There are two schools of thought on burping. Some burp and some don’t. It depends on how much fizz you want. If you don’t release the pressure, make sure you open your kombucha over the sink.

Then store it in the fridge! This should arrest the fermenting process but still open with caution.

Enjoy the taste, health benefits & sustainability of your home-brewed kombucha.

Kombucha Brewing - the outtake

Kombucha Brewing – the outtake

Now for the outtake! It’s not easy pouring kombucha with one hand whilst taking a photo with the other. Note to self – use a tripod and camera timer!!

In case you’re wondering if I’m still totally alcohol-free? No. I gave up for just shy of a year, and during that time, reset my relationship with booze, but when Tim sold his accountancy business and retired, I shared a bottle of very decent red wine with him and I do still love a gin and tonic!

For other posts on fermented food and seasonal eating, head back to the kitchen, or why not pop into the garden to see what’s growing or what jobs can be done?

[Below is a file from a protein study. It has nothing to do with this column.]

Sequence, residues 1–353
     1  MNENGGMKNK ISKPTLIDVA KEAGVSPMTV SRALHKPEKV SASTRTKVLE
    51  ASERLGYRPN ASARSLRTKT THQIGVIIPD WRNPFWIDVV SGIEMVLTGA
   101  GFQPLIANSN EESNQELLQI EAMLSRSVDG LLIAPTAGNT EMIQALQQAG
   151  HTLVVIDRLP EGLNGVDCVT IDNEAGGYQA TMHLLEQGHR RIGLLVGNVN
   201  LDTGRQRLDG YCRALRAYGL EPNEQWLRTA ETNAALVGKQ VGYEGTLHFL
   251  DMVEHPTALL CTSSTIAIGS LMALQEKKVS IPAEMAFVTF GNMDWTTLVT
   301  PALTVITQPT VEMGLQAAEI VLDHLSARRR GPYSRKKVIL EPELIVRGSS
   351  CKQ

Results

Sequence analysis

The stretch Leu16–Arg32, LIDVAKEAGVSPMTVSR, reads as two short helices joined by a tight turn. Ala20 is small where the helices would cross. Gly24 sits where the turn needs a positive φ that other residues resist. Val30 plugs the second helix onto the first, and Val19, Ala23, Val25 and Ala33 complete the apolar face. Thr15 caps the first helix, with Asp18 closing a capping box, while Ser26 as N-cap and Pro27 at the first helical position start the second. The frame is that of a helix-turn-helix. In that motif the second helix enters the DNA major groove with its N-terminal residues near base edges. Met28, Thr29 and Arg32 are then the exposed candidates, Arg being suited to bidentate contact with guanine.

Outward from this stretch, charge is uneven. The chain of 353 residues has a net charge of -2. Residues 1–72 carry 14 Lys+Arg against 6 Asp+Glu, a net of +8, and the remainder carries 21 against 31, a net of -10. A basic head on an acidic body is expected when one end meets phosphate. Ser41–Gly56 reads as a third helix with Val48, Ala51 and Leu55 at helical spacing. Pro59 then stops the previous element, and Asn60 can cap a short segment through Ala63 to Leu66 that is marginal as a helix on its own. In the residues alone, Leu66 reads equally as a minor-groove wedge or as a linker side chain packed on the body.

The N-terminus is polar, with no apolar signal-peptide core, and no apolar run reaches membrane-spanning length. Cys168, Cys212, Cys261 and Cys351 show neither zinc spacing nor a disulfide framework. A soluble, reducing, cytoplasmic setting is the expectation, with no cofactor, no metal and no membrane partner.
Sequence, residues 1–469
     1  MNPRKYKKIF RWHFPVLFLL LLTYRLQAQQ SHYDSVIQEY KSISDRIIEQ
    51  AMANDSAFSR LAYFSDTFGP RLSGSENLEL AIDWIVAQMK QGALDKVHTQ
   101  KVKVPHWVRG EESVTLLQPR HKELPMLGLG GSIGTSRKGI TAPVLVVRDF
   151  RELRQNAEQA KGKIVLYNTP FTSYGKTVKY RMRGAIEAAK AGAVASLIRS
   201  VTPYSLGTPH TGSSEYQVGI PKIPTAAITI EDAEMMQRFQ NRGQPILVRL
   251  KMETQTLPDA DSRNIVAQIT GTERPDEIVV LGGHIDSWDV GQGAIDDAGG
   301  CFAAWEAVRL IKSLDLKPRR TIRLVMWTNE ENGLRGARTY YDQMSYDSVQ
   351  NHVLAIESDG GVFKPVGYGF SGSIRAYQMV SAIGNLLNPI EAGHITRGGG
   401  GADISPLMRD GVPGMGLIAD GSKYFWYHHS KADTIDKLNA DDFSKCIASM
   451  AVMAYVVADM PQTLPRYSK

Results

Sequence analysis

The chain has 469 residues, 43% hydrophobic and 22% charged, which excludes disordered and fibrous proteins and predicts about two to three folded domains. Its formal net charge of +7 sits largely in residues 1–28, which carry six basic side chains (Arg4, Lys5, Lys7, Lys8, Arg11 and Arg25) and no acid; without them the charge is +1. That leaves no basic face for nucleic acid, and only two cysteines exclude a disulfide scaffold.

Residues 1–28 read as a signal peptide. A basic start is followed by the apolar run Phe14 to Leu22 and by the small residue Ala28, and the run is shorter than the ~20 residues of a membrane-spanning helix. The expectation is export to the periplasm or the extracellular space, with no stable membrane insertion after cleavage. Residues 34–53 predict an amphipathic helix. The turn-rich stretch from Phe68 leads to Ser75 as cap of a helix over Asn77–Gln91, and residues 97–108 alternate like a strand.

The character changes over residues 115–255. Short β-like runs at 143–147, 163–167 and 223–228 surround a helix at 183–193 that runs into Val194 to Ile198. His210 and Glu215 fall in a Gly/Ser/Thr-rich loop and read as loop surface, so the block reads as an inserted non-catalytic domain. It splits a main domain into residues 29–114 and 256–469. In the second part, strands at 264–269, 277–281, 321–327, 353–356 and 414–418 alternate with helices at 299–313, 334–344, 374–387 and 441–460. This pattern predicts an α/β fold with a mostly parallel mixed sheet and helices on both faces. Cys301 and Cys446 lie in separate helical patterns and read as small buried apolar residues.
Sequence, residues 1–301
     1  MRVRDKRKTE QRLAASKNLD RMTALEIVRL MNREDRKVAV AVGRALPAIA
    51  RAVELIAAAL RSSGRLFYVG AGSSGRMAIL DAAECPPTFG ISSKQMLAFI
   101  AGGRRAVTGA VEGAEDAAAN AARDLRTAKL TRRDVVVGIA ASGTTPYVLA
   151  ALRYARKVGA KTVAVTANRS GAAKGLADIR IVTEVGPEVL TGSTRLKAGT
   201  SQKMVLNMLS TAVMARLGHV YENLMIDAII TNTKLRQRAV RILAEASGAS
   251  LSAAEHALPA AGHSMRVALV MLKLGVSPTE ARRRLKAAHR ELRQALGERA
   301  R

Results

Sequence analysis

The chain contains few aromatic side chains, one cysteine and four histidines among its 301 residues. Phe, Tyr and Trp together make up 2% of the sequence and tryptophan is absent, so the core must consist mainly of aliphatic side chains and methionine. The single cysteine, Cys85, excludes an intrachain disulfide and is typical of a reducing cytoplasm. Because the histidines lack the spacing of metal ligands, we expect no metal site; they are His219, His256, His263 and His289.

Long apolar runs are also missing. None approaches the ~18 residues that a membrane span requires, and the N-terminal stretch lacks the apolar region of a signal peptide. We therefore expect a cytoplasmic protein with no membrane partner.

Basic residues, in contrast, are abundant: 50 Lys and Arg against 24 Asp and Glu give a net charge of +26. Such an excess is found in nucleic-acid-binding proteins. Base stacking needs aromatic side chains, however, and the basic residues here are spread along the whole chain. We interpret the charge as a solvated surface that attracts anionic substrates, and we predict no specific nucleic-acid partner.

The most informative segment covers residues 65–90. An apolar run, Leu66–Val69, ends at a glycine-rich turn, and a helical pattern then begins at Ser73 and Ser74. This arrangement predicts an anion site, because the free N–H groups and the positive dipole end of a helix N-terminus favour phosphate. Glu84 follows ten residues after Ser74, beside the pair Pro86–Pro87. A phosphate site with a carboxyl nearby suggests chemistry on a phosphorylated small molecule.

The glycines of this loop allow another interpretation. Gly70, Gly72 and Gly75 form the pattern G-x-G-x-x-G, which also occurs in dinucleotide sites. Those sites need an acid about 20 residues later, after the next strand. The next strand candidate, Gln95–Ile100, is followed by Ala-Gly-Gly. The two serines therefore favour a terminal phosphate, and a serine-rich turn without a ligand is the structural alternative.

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To follow Sue’s writing journey and hear about other published work, her debut, The Rewilding of Molly McFLynn and other writing, sign up to Sue Reed Writes on Substack or hunt her out on her social media and website of that name.

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Make your Own Playdough. Sustainable Living with Kids.

homemade playdough salt dough

homemade playdough salt dough

If I had a £1 for every pound of playdough I’ve made over the years, I’d be a rich woman. Homemade playdough is cheap and sustainable, can be used again and again when stored in the fridge. It reduces the need for plastic packaging and transportation and is great fun to play with. As I write this, in early 2021, the shops are shut due to the pandemic. Parents and grandparents looking for affordable ways to entertain the kids, so I thought it timely to share the playdough recipe with you.

We made playdough for our three children as they grew up living remotely in the North Pennines back in the early nineties. We lived miles from the nearest town and didn’t have money for toys apart from Christmas and birthdays, so homemade playdough was a firm favourite. It is also known as salt dough, and uncoloured, can be baked in the oven then painted. We’ve made Christmas tree decorations this way to give as presents.